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Mount Silverheels facts for kids

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Mount Silverheels
Mount silverheels.jpg
Mount Silverheels from Boreas Pass.
Highest point
Elevation 13,829 ft (4,215 m)
Prominence 2,283 ft (696 m)
Isolation 5.48 mi (8.82 km)
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Location Park County, Colorado, U.S.
Parent range Front Range
Topo map USGS 7.5' topographic map
Alma, Colorado
Easiest route hike

Mount Silverheels is a high and prominent mountain summit in the Front Range of the Rocky Mountains of North America. The 13,829-foot (4,215 m) thirteener is located in Pike National Forest, 4.9 miles (7.9 km) northeast (bearing 41°) of the Town of Alma in Park County, Colorado, United States.

Mount Silverheels is just east of two fourteeners: Mount Bross and Mount Lincoln.

Legend of Silverheels

The mountain was named for Silverheels, a dance hall girl in the nearby mining camp of Buckskin Joe, now a ghost town. She was nicknamed "Silverheels" because of the silver shoes she wore while dancing. She wore a blue or white mask so as to conceal her face, and her actual name is unknown. Well-compensated by the trappers and prospectors who watched her dance, Silverheels was personally generous, having used her own money to bring in doctors during a smallpox epidemic in Buckskin Joe. After the disease waned, Silverheels left Buckskin Joe and was never heard from again. In the words of Frank H. Mayer, a United States marshal in Park County: "The best we could do was to name the mountain after her."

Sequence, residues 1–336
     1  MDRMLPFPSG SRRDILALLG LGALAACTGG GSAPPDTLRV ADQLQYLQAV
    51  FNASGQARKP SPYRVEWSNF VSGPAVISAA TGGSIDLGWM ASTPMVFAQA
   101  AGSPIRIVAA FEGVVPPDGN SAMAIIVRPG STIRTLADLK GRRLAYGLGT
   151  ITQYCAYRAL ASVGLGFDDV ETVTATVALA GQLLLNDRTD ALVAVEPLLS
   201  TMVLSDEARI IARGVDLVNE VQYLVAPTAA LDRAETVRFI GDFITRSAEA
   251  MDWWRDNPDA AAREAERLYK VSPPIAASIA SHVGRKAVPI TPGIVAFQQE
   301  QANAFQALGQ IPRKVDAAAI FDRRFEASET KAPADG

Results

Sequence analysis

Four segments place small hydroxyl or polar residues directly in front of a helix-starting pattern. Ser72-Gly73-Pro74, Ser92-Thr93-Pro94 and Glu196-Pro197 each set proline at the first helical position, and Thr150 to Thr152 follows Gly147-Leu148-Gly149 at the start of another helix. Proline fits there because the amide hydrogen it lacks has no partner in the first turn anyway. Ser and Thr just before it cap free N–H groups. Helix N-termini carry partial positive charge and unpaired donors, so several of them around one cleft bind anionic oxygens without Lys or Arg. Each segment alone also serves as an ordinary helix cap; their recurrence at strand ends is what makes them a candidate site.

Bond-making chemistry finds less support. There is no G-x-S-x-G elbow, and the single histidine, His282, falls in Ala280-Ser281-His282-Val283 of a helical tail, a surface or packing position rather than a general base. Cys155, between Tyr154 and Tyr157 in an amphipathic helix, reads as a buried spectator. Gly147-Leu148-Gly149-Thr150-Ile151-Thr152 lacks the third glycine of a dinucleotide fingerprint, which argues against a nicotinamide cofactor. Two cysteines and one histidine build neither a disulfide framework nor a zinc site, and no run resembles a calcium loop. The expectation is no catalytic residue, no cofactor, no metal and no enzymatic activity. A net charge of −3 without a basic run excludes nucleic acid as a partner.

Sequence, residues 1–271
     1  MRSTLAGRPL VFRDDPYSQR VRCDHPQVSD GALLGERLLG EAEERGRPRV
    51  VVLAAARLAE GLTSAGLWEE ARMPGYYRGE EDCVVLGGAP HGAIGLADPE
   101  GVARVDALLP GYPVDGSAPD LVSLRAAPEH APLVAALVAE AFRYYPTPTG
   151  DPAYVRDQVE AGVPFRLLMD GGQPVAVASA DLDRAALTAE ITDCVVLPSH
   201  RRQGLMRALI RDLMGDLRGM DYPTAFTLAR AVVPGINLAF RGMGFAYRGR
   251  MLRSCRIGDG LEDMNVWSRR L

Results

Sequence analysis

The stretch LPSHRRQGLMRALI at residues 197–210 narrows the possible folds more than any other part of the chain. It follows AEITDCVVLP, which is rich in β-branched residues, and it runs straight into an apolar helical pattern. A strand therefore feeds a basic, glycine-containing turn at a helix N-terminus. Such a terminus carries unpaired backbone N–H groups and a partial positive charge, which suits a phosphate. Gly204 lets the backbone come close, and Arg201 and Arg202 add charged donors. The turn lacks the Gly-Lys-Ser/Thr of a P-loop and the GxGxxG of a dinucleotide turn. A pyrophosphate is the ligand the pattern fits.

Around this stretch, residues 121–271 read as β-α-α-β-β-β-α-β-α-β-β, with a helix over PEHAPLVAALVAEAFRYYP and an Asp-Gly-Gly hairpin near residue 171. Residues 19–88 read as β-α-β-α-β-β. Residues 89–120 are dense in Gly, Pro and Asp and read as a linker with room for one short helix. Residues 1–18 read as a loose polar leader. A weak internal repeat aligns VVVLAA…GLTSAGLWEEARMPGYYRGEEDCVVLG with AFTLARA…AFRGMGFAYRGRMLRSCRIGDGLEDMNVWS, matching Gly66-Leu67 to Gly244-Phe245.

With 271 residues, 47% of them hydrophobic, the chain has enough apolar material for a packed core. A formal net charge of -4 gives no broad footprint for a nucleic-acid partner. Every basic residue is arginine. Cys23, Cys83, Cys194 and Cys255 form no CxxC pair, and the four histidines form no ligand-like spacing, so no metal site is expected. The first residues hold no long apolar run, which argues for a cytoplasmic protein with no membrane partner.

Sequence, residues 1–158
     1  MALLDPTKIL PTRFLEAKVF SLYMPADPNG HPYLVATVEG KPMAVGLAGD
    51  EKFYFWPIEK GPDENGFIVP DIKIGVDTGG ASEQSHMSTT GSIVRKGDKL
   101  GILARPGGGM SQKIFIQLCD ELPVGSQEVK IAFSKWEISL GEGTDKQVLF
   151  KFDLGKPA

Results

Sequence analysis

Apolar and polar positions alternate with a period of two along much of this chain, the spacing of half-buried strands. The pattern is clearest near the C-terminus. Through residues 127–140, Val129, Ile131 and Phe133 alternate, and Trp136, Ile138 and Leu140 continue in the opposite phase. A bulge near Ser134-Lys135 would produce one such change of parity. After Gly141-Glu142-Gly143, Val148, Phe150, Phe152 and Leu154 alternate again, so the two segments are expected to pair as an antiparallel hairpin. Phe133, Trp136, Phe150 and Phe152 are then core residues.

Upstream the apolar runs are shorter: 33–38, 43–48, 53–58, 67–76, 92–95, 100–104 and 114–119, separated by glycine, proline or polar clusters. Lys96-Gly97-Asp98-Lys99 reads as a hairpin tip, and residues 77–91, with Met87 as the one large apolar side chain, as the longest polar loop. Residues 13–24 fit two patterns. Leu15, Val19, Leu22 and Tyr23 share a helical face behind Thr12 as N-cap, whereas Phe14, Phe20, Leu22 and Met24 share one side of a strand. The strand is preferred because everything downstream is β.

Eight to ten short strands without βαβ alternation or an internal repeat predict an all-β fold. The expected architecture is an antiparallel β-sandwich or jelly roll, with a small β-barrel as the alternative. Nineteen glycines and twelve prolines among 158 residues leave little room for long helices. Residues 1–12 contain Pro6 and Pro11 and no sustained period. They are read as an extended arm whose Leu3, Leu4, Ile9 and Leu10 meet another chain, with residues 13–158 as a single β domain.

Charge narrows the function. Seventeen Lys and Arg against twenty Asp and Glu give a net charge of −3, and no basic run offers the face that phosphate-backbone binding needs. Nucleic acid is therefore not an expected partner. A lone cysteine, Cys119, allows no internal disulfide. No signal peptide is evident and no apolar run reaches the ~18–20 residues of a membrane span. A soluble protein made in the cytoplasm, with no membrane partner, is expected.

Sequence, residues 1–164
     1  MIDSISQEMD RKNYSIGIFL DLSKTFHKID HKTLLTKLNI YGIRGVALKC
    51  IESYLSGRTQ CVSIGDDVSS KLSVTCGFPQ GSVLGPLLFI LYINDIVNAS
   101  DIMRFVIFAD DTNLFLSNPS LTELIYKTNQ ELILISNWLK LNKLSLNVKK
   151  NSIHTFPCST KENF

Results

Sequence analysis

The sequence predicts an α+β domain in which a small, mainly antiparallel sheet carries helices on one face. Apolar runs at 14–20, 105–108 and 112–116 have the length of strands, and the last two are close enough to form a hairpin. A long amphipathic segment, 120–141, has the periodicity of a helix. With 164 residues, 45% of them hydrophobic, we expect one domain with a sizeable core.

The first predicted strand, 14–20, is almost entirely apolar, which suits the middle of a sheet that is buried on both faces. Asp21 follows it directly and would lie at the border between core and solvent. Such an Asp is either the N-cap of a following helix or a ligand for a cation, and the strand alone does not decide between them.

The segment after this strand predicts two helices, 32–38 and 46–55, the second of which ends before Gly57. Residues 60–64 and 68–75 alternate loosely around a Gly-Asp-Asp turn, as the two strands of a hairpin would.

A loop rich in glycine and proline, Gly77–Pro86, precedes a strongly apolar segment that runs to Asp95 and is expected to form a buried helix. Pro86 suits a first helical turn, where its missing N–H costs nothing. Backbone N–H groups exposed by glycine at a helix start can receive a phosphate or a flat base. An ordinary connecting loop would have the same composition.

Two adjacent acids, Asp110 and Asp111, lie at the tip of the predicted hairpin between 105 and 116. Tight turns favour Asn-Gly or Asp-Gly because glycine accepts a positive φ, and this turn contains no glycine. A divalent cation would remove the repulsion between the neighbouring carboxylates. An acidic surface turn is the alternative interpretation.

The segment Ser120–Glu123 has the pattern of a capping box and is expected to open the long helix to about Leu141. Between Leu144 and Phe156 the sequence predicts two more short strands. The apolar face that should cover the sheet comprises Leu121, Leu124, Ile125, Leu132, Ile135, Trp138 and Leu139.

The smallpox epidemic struck in 1861. Most miners remained behind to protect their claims, but the women and children largely fled to Denver. Silverheels stayed behind to nurse her friends and neighbors. She too contracted the disease but survived, having taken refuge in her cabin located at the base of Mount Silverheels. Once the epidemic was over, the surviving miners raised $5,000 in appreciation of her efforts in fighting the epidemic. However, Silverheels had left her cabin. According to legend, she had remained in isolation because the smallpox had scarred her face. The money was returned to the miners, and she was instead honored by the naming of the mountain. Several years later when Buckskin Joe was desolate from the decline of the gold rush, someone claimed to have seen a black-veiled woman placing flowers on the graves of those who died in the smallpox epidemic. Some since claim to have seen a black-veiled woman wandering around the Buckskin Joe Cemetery.

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